Hero Awards honor those who have given back in the past year

Wednesday, April 24, 2013 | 9:40 p.m. CDT; updated 11:47 a.m. CDT, Thursday, April 25, 2013

COLUMBIA — An astronomer, symphony board member and a group of Rock Bridge High School students were among the guests honored at a reception Tuesday night that recognized the community service of local individuals and groups.

Recipients of the twelfth annual Columbia Daily Tribune Hero Awards were honored at a ceremony at the Stoney Creek Inn. The seven winning volunteers and 36 nominees gathered with their families and friends to celebrate their hours of service to the Columbia community.

John Cleek Jr., Individual Volunteer of the Year

John Cleek Jr. was awarded the Individual Volunteer of the Year award at Tuesday's Hero Awards for his work for a local organization offering services to adults and children with autism.

Cleek's annual Bowling for Autism event will be held Saturday at AMF Town and Country Lanes at 11 a.m. Read more about Cleek and his story here.

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Award recipients received a crystal trophy with the Hero symbol engraved on it and a $400 award to the organization the volunteer serves, paid for by the Columbia Daily Tribune and Landmark Bank. Support for the awards was provided by the Voluntary Action Center.

Here’s a look at the winners and the work they’ve done in Columbia:

Patrick Kane

Patrick Kane walked nearly 3,000 hours and countless miles to earn his Outstanding Volunteer in Community Protection award.

He walks the trails at Bear Creek Park almost every morning, looking for anything unsafe. Whether he’s clearing branches after storms, stopping illegal hunting or telling dog owners to use leashes, the 66-year-old is working to keep the parks clean and safe as part of the Park Patrol.

“We are ambassadors for the City of Columbia,” he said. “We are a friendly presence on the trail. Just the presence of a park patroller gives a lot of people peace of mind.”

Kane, a social worker, has walked with the Park Patrol for 10 years. He noticed the group of official city volunteers while walking his daily three miles and wanted to become a part of it.

“I thought I'm already out anyway, I might as well be part of the — we call it the eyes and ears of the trail,” Kane said.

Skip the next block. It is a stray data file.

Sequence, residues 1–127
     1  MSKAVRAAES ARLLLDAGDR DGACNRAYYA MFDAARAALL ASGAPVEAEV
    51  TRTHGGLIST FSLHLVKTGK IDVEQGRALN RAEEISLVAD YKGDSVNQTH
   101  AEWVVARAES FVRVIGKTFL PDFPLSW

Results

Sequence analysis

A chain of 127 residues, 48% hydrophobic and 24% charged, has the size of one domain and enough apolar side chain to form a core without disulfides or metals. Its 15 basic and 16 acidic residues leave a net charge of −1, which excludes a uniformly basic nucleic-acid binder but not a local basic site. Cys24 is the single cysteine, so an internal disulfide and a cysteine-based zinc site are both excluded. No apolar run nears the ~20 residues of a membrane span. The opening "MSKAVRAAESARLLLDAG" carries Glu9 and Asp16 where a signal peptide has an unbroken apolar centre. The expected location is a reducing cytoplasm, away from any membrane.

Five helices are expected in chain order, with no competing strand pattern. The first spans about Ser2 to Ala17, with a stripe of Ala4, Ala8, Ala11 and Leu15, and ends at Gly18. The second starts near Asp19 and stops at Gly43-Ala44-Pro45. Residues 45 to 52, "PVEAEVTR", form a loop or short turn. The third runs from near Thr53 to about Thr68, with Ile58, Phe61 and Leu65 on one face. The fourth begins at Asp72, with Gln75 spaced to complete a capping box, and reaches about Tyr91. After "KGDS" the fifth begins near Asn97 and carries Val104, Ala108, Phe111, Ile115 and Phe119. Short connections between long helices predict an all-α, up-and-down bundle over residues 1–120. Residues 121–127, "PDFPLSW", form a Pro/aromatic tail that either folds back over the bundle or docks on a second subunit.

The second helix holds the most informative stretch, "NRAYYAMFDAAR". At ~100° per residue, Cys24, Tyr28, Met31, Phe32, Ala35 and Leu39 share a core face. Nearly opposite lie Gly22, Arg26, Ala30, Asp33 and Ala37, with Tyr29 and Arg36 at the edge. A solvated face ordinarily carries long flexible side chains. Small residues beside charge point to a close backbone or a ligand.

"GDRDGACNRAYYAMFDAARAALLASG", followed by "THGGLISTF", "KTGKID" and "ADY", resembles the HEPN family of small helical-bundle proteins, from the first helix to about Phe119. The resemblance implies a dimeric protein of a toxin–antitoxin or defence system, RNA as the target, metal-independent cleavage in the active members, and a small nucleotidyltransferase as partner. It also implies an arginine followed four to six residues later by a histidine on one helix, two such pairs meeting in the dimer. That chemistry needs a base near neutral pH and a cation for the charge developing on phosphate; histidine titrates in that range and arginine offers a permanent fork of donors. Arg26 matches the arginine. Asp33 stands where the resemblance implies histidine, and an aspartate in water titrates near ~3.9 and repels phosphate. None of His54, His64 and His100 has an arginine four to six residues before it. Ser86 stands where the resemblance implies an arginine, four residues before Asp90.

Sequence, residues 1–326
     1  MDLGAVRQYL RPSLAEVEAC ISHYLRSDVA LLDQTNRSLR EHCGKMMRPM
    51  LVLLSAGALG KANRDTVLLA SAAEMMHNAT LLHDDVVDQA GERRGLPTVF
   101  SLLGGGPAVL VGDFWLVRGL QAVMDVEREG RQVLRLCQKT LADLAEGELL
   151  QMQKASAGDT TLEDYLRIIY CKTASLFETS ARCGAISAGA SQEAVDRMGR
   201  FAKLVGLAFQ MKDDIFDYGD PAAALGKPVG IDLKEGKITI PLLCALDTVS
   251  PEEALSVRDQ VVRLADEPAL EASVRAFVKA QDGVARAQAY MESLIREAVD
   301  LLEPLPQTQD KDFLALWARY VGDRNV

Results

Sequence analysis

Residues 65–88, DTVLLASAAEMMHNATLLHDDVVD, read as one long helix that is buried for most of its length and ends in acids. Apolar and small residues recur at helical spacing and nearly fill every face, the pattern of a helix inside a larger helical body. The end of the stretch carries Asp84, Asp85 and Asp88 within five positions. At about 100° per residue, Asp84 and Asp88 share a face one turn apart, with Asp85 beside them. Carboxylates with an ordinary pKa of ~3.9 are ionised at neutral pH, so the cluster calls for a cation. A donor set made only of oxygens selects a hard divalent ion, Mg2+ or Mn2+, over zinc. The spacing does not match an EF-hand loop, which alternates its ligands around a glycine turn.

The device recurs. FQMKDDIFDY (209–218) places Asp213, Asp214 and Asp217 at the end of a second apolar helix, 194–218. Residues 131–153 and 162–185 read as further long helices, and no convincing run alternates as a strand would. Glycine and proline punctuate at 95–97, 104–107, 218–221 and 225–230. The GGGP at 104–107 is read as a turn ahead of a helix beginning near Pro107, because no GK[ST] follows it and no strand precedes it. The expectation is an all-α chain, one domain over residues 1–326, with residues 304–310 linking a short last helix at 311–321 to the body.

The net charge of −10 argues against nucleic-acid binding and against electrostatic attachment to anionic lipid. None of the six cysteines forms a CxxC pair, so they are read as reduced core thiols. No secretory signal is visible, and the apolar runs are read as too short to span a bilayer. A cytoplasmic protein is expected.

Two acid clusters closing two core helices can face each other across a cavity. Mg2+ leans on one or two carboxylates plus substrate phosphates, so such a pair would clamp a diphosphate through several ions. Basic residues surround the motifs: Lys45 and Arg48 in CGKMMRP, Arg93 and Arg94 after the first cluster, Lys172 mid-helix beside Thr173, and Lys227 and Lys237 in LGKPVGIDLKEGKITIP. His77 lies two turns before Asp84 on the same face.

He sees this award as acknowledgement of his work over time, not any specific action he’s taken.

“They're not for individual actions, they're for people who are everyday heroes,” Kane said. “People who do things over and over again that are a service to the community.”

Val Germann

For the past 31 years, Germann has taught children about astronomy at the Columbia Public Library. For his tireless commitment, he received the Outstanding Volunteer in Education or Literacy Award.

He taught astronomy at Columbia College for 20 years and staffed the Laws Observatory at MU for more than 30 years. For the past 10 years, he has led a spring and fall series — seven presentations a year — of astronomy lectures for children of all ages and their parents.

“I try to give them an idea about astronomy and science at a young age,” he said.

The presentations begin indoors around 7 p.m. with a PowerPoint on constellations and planets. The kids receive star charts and other resources to help them pick out objects in the sky, then go outside for a look through the telescope to see what stars and planets they can find.

“The first view through a telescope can have an impact on kids down the road,” he said.

Germann’s main goal is to get as many children exposed to science and astronomy at a young age to spark interest for a possible career. If the weather is decent, around 50 kids will show up with their parents.

“I’m still kind of in shock,” Germann said about receiving the award. “I’m happy to be recognized.”

His deepest thanks go out to the library, he said. Without its help, the functions would not be possible.

Ann Havey

Ann Havey’s work at the Boone County Council on Aging earned her the Outstanding Volunteer in Health Care award.

Havey has volunteered at the agency for more than ten years, including two terms as board president, according to a press release. She encouraged more than 40 homeowners to take part in “Kitchens in Bloom,” a fundraising tour that raised $50,000 for the council. She also spends many hours each week giving rides to low-income seniors who can’t get to places on their own.